Three-dimensional shape used by humans to bury their dead, classify their food, provide the framework for 20th century game shows, and improve the taste of their wines. Orac, the respectfully insolent Aldebaran wine-expert, disputes the latter use but silently condones the former three.

Quantum Theory
Despite what the word “quantum” may actually imply in the world of science, the majority of Earth’s humans understand “quantum theory” to be defined as “the theory which explains and proves whatever ridiculous thing I’d like it to.” Amazingly, only one human ever really got quantum theory right, though rather than share it with the rest of his species he made a fair profit by incorporating the concept in an onion slicer to be sold on late night infomercials. The famed physics expert Infophile was not that human (it’s a known fact that he is a Grebulon posing as a busboy at a MidWestern Olive Garden) but he does provide a critical observation of, well, observation.

see also: so-called Complimentary and Alternative Medicine
see also: Adherents with Overwhelmingly Bold Use of Logical Fallacies that Real Doctors Can Easily Dissect . . . Repeatedly.

Universally considered to be the low-rent traveling carnival Tilt-a-Whirl of the medical industry — easy to access, a little pricier than it’s probably worth, completely unregulated, and might just get you killed. Case in point: Respitrol.

The ultimate answer.

(note: the reader may be interested to know that the question that proceeds the ultimate answer is “What’s wrong with Pat Robertson?” As submitted to the Guide by Michael. More remembrances of dead televangelists to be found here.)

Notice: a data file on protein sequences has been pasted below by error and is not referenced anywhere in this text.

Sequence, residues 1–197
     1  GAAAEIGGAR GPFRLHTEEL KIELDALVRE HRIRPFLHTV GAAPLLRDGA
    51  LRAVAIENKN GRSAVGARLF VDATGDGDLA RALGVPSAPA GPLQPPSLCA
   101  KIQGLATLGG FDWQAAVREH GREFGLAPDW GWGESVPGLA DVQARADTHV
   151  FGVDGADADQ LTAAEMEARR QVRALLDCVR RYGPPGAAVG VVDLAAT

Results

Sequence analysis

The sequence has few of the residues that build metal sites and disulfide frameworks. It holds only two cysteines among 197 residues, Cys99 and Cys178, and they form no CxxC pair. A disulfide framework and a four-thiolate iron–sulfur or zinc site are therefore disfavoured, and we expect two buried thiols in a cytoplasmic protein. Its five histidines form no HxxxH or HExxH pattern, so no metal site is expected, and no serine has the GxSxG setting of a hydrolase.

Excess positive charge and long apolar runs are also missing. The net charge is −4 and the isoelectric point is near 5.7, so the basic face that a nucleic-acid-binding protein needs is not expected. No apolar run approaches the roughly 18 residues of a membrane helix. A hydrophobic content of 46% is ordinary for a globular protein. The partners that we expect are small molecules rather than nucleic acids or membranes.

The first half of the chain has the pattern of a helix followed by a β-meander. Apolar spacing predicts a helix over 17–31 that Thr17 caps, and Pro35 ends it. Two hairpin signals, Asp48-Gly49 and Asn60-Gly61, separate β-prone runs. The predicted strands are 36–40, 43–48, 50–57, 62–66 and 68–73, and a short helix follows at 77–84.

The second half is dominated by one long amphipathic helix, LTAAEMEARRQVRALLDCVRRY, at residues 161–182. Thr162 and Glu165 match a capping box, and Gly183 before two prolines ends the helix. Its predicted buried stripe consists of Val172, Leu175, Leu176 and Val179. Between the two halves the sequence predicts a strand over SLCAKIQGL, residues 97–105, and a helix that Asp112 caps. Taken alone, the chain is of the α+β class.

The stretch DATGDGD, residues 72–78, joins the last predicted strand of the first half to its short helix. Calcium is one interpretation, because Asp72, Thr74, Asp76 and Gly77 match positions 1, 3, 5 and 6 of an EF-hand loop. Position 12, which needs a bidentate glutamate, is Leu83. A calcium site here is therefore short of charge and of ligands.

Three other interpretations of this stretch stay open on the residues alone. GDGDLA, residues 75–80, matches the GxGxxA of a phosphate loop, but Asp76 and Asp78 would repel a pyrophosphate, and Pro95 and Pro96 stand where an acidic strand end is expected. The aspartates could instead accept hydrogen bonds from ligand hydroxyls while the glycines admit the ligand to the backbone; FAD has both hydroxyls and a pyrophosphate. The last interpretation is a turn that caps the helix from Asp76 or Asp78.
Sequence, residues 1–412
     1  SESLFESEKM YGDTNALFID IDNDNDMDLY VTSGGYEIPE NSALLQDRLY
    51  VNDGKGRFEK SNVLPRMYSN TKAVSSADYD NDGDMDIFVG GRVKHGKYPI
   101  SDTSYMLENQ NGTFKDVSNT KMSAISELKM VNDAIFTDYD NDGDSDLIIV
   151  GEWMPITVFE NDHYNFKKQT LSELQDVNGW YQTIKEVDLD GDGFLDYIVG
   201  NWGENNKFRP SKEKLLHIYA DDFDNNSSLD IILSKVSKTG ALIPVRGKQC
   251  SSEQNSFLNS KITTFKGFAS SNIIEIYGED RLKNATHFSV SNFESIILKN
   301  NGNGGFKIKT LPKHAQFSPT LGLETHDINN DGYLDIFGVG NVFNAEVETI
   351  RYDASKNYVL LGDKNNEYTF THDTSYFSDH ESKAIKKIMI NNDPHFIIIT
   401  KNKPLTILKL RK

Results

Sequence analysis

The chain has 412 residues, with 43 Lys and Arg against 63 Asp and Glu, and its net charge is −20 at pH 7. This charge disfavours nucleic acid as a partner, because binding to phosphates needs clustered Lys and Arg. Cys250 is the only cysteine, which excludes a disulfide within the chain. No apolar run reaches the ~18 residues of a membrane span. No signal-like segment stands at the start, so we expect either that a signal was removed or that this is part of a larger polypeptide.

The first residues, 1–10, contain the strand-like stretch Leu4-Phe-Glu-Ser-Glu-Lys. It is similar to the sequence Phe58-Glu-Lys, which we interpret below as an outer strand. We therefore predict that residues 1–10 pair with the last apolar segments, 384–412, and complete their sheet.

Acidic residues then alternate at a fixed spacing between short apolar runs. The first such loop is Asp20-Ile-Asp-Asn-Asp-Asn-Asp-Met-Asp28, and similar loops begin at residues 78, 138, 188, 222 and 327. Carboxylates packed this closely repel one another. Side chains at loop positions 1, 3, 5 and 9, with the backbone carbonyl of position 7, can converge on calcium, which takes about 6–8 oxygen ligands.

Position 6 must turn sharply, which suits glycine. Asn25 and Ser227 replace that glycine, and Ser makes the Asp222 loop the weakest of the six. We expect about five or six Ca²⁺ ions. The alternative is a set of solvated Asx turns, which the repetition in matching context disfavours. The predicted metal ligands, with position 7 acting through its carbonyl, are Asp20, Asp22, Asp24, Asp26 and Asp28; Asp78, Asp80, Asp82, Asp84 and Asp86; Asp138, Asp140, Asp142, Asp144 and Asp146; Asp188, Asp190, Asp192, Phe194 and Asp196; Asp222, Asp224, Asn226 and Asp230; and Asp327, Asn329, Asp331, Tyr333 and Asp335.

The Human Brain
It is a well-known fact that the human brain is a primitive mass of ape-descended gray matter. Paul Little offered one anecdote to demonstrate the fallibility of his very own monkey brain in his essay Two Suns in the Sunset.

A seemingly simple substance which is made incredibly complex by the addition of one other material: bullshit.


Well, that about covers it for this very special Towel Day Skeptics’ Circle. The fun continues on June 7 over at Polite Company.

Rebecca Watson

Rebecca is a writer, speaker, YouTube personality, and unrepentant science nerd. In addition to founding and continuing to run Skepchick, she hosts Quiz-o-Tron, a monthly science-themed quiz show and podcast that pits comedians against nerds. There is an asteroid named in her honor. Twitter @rebeccawatson Mastodon Instagram @actuallyrebeccawatson TikTok @actuallyrebeccawatson YouTube @rebeccawatson BlueSky

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  1. I have enough books on the go – now you're making me reread these ones, too! Thanks! Thanks a lot!

    Lovely definitions, though.

  2. Ah, Rebecca Watson, now there's one chick who always knows where her towel's at.

    PS. I'm getting blocked from accessing the first Televangelist entry here at work. Is there anything NSFW about it?

  3. I think that it there were to be an official uniform of the '80s, it should be tight black bikini underwear and a black leather jacket, opened. Chest hair would be optional, but suggested. Now THAT's an idea for the next calendar! (holy crap am I ever kidding).

    Great job Rebecca. Looking forward to getting through these links links links.

  4. Thanks for the links, Rebecca, and for the reminder about Towel Day. I always seem to forget when it is…it's like I have a block about it and about what it signifies.

    I was just sitting here thinking about Douglas Adams, and I was taken aback by the realization that it's already been SIX YEARS since he died. Where has the time gone??

    It's going to be lovely when I return to the states in September, this dissertation behind me, and I can continue my tradition of reading everything the man wrote (or at least all that's collected in book form) once a year.

  5. Hmm, looking into it, they're excuse for blocking is "nudity." So of course, when I got home, I had to check out the post to see what I was missing. Couldn't find any nudity (story of my life), but the thought of Pat Robertson for President is offensive enough that I can understand it being blocked anyway.

  6. As someone who listened to the original first broadcast of the Hitchhikers guide on BBC radio 4 in 1978 I really appreciate the theme, thanks Rebecca.